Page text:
Paul Smyth’s Diversity & Inclusion Speech At FuSIoN (Financial Services Inclusion Network)

Paul Smyth’s Diversity & Inclusion Speech At FuSIoN (Financial Services Inclusion Network)

June 05 2019

FuSIoN (Financial Services Inclusion Network) and Top Tier Recruitment recently welcomed members of Ireland's financial services & Fintech industry to an evening of networking and lively discussion around the topic: 

Inclusive Ireland - A Destination of Choice for Financial Services & Fintech Professionals.

The event was hosted by State Street at their Irish headquarters.

Paul Smyth from Top Tier Recruitment gave the opening address at the FuSIoN (Financial Services Inclusion Network) event with an exploration of the concept of 'safety' and how it applies to financial services companies in Ireland seeking to improve their diversity & inclusion.

Listen to Paul's speech via the Your Pursuit Of Happiness podcast or read the notes below . . .



Paul Smyth's Diversity & Inclusion Speech At FuSIoN (Financial Services Inclusion Network)

I am delighted to have been asked to speak here tonight. For those of you who don’t know me, I am MD of Top Tier Recruitment. Myself and my wife set up the business 4 years ago and we are sector specialists recruiting across all areas of Financial Services and FinTech.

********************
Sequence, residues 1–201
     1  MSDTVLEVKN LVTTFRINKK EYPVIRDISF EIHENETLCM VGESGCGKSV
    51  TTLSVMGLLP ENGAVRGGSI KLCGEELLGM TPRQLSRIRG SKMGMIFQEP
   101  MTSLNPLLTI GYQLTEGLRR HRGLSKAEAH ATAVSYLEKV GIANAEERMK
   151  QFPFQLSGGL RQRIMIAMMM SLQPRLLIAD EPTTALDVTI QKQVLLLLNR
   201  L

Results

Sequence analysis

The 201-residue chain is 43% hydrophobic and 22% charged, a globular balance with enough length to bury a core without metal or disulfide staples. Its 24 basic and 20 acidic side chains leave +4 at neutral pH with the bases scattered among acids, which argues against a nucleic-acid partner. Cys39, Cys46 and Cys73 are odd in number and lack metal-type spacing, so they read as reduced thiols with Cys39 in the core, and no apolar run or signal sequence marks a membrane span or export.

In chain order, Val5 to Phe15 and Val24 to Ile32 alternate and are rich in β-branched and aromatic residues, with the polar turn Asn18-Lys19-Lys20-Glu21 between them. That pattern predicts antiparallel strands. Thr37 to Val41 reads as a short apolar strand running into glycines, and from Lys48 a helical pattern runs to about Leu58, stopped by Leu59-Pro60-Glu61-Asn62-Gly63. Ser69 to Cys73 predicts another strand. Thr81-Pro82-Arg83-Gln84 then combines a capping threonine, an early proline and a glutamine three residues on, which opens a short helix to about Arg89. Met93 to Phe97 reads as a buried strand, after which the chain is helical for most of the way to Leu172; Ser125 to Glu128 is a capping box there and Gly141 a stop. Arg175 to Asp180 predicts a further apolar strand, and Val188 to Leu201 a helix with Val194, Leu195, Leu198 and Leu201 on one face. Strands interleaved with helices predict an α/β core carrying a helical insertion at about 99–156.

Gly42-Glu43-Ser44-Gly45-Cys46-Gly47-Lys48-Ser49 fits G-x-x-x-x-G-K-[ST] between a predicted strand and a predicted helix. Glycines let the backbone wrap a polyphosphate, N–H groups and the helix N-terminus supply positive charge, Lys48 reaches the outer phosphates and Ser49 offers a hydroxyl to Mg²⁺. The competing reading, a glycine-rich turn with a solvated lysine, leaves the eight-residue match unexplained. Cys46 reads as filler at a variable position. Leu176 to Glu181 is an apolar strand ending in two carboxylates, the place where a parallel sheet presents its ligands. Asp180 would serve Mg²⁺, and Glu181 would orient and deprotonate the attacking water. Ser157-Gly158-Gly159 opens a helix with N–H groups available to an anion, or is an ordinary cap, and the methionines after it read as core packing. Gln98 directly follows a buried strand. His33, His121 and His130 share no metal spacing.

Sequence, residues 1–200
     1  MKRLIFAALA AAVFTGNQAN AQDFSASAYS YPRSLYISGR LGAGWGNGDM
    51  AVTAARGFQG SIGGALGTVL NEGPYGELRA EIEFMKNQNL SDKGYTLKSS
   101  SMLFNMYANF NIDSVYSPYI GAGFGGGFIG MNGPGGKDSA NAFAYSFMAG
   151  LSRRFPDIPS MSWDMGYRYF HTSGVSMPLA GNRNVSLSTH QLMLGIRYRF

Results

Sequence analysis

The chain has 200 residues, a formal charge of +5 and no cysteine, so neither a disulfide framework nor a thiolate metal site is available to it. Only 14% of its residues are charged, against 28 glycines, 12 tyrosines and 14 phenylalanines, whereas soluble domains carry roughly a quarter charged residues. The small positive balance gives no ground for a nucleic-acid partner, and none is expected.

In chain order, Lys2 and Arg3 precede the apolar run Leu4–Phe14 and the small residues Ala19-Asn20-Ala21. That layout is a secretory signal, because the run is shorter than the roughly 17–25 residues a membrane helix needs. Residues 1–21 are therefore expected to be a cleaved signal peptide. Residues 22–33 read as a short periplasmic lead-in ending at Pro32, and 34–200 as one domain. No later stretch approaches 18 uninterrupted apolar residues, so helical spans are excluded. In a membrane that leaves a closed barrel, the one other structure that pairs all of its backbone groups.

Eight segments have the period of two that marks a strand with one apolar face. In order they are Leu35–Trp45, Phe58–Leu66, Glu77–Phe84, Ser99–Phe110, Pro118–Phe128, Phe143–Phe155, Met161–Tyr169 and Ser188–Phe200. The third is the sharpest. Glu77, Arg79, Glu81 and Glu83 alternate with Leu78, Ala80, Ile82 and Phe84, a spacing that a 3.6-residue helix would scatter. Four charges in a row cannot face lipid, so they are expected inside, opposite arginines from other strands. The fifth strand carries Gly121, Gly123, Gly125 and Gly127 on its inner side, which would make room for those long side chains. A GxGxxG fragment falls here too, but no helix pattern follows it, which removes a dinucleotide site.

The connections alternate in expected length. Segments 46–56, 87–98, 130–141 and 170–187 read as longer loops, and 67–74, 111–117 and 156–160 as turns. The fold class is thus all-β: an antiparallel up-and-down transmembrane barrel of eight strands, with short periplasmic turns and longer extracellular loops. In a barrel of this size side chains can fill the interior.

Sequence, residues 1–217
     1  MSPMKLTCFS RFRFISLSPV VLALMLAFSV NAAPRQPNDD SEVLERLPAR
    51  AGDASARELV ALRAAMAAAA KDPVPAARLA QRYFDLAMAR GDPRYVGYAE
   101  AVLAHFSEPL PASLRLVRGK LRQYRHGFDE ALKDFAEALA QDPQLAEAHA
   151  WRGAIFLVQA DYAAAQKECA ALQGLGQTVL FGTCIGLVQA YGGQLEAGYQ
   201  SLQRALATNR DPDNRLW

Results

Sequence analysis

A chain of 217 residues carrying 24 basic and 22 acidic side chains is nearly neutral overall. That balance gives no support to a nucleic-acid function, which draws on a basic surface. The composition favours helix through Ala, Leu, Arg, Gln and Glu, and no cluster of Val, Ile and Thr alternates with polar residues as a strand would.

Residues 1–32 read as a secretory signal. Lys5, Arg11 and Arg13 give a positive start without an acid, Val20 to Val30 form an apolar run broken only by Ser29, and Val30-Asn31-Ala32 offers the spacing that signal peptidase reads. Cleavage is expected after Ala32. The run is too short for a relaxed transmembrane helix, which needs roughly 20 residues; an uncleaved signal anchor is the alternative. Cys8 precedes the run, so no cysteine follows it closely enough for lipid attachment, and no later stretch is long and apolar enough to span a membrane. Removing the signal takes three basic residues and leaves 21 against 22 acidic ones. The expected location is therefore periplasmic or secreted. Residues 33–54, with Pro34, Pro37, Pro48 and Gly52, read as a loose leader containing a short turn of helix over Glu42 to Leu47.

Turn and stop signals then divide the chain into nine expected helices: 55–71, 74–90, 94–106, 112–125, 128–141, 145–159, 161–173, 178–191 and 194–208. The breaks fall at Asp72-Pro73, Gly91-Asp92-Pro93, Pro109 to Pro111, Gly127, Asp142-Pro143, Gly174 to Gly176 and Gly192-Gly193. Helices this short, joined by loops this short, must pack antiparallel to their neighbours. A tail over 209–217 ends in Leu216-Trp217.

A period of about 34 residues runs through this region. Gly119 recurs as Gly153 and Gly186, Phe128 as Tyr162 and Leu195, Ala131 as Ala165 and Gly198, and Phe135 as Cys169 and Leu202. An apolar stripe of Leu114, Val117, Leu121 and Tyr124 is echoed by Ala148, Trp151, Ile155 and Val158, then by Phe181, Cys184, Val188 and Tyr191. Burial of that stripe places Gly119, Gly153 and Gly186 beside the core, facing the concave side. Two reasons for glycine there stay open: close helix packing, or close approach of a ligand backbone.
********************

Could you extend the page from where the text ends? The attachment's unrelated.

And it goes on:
I have worked in recruitment for 12 years, predominantly in FS and actually spent two years great years with State Street where I ultimately managed recruitment for Ireland, Poland, South Africa and a couple of other smaller locations – it was a real eye opener not only to in house recruitment but to a global firm and, getting a very practical appreciation of different cultures.

I would have worked in Krakow for around 7 months which is actually where I met Patrick for the first time and I want to take this opportunity to thank him for all of his efforts here tonight and for inviting me to be part of it.